A back-of-the envelope rough calculation of the maximum size of Mars at its closest in a couple of days:
maximum diameter about 20 seconds of arc, or .0055 degrees
angle of view of a 500mm lens = about 4.125 degrees on the long axis of a 35mm frame
So on 35mm film with a 500mm lens, you can get about 645 Mars diameters along the 36mm dimension, giving a size of about .0558 millimeters for the diameter of Mars on the film.
In other words, Mars is small, even if it appears bright, and you'll need special equipment to get it to appear large enough for a perspective on size. Even with enough focal length, capturing a moment of still air with good enough "seeing" for detail on the planet is very elusive, and one of the reasons professional observatories are built on high mountains with still local pools of air.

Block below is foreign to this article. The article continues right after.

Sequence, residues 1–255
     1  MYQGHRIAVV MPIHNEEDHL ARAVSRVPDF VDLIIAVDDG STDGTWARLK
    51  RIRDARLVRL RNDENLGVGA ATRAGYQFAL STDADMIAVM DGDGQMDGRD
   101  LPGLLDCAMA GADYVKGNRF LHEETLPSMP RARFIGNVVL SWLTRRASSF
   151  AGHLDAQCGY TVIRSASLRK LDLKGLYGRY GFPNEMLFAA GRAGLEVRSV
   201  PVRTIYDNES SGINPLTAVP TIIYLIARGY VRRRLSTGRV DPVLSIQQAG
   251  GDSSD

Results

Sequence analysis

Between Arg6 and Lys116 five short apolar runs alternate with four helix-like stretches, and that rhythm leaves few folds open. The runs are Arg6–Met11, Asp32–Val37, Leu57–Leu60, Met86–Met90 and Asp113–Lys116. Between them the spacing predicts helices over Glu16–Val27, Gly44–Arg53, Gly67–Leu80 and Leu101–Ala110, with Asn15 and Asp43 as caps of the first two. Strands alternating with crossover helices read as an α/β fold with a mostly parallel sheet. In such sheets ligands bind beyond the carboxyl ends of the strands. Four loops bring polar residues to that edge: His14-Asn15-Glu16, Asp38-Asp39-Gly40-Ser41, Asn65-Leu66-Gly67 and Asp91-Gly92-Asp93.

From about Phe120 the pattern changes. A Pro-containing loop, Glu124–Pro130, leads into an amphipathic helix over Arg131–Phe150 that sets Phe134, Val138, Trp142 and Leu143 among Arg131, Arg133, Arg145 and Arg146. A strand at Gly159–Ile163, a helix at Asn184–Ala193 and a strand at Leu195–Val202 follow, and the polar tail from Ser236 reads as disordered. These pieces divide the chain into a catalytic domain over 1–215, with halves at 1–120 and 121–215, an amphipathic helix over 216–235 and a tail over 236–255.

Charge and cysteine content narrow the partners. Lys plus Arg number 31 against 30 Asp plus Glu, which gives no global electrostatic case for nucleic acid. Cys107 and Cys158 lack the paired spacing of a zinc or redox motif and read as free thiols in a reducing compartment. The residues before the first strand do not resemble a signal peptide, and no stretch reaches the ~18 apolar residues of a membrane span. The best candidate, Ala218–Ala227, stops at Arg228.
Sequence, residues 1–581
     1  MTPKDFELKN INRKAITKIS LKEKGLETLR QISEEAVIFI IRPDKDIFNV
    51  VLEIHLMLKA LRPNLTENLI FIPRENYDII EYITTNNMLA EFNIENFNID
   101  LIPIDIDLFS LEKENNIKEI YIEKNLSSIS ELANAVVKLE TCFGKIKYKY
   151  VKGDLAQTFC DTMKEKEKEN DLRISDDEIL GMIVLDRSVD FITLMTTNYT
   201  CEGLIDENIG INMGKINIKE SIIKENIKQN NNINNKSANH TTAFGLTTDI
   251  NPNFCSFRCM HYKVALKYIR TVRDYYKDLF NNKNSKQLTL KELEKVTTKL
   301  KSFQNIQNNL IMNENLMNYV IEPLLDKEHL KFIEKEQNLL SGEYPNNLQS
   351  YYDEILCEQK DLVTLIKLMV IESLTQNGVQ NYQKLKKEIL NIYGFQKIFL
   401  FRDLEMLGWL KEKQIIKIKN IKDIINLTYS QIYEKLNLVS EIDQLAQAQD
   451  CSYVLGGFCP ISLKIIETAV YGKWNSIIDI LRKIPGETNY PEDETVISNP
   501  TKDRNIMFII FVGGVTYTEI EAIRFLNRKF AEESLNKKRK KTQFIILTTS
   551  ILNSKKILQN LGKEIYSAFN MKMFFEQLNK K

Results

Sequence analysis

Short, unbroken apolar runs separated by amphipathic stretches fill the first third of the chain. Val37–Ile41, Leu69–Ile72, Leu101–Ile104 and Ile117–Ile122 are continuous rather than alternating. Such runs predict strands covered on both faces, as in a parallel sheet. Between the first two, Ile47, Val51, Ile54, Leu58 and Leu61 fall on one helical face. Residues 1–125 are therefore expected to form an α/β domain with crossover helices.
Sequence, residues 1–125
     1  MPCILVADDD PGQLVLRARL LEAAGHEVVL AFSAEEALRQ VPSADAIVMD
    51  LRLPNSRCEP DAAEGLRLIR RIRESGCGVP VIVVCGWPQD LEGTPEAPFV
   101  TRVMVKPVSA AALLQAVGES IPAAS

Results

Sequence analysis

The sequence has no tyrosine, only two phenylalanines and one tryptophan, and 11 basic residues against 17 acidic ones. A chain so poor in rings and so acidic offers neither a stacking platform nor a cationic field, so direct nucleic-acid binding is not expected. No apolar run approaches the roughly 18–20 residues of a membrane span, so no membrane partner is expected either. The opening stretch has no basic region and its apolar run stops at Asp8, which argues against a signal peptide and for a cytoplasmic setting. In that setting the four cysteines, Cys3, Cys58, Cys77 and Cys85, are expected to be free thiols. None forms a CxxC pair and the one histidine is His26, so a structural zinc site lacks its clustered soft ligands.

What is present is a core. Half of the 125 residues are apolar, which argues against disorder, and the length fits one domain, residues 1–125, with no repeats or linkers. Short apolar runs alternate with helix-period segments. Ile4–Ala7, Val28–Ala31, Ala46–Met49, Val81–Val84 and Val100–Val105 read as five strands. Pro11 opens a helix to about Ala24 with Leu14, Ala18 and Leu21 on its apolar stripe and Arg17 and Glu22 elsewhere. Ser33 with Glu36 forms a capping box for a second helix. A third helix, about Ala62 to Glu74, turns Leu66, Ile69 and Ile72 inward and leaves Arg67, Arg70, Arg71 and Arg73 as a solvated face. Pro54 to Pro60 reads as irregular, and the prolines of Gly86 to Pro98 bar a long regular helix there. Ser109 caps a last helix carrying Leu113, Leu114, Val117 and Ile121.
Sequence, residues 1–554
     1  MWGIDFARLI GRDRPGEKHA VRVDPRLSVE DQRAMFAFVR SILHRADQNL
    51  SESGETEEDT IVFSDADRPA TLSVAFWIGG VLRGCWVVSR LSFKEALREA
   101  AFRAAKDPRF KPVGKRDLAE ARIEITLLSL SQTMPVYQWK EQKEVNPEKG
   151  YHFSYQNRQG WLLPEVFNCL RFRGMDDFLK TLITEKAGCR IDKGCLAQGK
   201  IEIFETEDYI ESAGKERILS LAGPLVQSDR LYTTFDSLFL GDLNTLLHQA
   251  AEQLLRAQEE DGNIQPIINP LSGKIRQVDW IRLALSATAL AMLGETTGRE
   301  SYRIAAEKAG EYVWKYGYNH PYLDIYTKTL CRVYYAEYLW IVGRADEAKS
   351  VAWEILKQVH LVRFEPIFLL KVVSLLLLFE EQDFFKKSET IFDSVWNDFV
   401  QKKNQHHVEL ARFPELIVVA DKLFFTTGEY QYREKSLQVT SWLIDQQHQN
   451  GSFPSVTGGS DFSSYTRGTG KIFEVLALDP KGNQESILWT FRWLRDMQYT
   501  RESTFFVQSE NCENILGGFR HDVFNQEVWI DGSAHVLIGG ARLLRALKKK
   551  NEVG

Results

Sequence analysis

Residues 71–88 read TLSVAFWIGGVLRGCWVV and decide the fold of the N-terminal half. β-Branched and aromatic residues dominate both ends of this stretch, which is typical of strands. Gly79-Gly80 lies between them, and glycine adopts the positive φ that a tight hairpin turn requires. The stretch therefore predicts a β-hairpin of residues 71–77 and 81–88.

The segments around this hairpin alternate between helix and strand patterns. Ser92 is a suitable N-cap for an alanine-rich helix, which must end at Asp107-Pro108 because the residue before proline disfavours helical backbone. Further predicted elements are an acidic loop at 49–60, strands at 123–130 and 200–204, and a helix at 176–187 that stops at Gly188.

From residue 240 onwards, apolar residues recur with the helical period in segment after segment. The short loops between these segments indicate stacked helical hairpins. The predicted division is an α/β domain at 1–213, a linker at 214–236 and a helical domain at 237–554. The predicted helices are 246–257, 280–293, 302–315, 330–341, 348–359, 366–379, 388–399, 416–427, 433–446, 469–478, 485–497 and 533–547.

For a wider angle view with distinctive Mars and star colors (i.e. reasonable expectations for your situation), shoot with a barn door drive, a Fuji 400 ISO print film or Elite Chrome 200, and bracket your exposure times widely. A well aligned barn door drive can give you a few minutes of good tracking with a 135mm or shorter lens, and a really well aligned drive (experience and knowledge required) with no tangent error will get you up to 180mm to 300mm for up to 15 minutes or so.
You should also be able to get star trails for Mars and surrounding bright stars (such as the Pleiades and Hyades) with either of the above films and a fixed tripod. Bracket your exposures. Colors will show here as well.